Ambassador Motorcycles

Ambassador Motorcycles is a British motorcycle manufacturer. Founded by racer Kaye Don after the World War II, the company produced lightweight motorcycles with Villiers and JAP engines and imported Zundapps from Germany. Production started in 1947 with a 197 cc Villiers-engined bikes. In 1953 a model was produced with electric starters and the first Ambassador twin appeared in 1957.[1] The company was taken over by DMW in 1963 who continued production until they closed the company in 1965. Ambassador Motorcycles was reformed in late 2016.[citation needed]


Founded by Irish motorcycle racer and 1920s Brooklands star Kaye Don in 1946 as "U.S. Concessionaires Ltd.", the company was started to import American cars.[2] Motorcycle development started with a 494 cc vertical twin JAP-engined prototype.[1] In 1947 the small Villiers engines were introduced and proved successful so were used until 1964. Ambassador motorcycles were costly and did not sell well, but exports to Australia and New Zealand were successful.[3]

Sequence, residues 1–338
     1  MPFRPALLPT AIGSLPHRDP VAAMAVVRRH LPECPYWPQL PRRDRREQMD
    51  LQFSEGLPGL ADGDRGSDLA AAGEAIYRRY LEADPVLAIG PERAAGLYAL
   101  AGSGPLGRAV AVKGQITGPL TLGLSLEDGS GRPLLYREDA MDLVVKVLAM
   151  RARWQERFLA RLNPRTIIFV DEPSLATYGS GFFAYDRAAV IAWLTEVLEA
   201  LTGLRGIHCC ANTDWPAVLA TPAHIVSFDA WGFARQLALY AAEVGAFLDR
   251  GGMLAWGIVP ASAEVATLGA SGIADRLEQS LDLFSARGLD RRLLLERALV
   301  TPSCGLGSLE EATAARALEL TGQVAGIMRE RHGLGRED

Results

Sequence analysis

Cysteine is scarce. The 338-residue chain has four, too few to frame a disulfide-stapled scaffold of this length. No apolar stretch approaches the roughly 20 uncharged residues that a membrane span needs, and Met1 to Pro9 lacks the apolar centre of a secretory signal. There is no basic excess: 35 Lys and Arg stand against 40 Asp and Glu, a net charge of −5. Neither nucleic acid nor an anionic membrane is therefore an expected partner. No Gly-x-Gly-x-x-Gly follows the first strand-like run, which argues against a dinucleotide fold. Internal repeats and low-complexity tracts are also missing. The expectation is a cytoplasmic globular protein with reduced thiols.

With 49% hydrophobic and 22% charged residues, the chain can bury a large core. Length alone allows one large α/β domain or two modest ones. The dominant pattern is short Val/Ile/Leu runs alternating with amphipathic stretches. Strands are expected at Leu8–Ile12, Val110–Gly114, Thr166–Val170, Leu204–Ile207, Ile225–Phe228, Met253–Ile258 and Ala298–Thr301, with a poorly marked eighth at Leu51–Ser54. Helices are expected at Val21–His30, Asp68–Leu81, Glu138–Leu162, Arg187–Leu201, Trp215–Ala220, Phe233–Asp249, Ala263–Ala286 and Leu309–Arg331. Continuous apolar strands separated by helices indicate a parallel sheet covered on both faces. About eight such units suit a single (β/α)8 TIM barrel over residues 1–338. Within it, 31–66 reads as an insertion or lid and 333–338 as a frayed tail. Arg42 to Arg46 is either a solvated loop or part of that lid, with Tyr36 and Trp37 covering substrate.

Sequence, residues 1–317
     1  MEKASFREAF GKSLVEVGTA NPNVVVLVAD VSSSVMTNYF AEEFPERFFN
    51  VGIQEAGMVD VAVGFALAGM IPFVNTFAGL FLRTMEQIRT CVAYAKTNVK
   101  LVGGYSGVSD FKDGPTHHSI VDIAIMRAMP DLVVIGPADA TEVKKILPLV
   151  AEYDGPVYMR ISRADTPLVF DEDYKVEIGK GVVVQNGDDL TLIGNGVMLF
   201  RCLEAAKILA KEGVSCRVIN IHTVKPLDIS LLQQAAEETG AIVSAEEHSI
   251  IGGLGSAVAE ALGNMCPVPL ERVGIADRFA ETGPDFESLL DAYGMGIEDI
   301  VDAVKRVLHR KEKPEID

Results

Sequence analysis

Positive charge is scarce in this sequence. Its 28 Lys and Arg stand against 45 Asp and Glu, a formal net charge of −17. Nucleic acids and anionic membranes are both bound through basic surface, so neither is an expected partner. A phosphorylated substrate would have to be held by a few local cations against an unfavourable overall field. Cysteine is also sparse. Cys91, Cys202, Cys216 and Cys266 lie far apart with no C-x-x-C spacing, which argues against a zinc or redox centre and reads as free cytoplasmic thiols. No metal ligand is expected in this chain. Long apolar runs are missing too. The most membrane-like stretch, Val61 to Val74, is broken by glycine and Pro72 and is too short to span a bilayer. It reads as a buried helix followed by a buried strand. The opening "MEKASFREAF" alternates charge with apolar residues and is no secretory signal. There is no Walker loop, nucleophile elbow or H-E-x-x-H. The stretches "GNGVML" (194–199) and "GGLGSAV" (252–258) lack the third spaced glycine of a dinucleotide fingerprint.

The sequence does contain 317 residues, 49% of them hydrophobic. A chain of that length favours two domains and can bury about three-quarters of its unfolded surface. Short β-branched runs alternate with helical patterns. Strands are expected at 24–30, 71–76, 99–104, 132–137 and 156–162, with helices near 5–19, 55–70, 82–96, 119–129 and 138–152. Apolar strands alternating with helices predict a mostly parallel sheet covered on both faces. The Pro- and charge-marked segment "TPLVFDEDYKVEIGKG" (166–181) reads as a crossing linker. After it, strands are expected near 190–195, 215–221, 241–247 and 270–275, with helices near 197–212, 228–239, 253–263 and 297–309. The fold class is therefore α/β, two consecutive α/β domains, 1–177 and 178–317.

Model Year Comments
Popular 1951 Villiers-powered fitted with girder forks until 1953
Courier 1951 Villiers-powered
Embassy 1951 Villiers-powered
Supreme 1951 First fully sprung Ambassador with telescopic forks and plunger rear suspension
Sidecar 1953 197cc Villiers
Self Starter 1953 197cc Villiers
225cc Supreme 1954 Swinging arm rear suspension
150cc Popular 1956 Villiers 30C
Envoy 1956 Villiers
250cc twin 1957 Villiers engine
Statesman 1958 175cc
Popular 1959
"3 Star Special" 1959
Envoy 1959
Super S 1959
Electra 75 1961
Sport Twin 1961
175cc ‘Scooter’ 1961
197cc Popular 1962
50cc ‘Moped’ 1962 Villiers 3K two-speed
DMW Ambassador 1962
Ambassador Supreme 2017 Suzuki-powered 300cc engine, fitted with USD forks & vintage "cafe racer" styling


  1. ^ a b Chadwick, Ian. "Ambassador Motorcycles". Archived from the original on 11 June 2008. Retrieved 6 June 2008.
  2. ^ Tragatsch, Erwin (2000). The New Illustrated Encyclopedia of Motorcycles. London: Quantum Publishing. p. 560. ISBN 1861603428.
  3. ^ "Ambassador". Archived from the original on 14 May 2008. Retrieved 6 June 2008.

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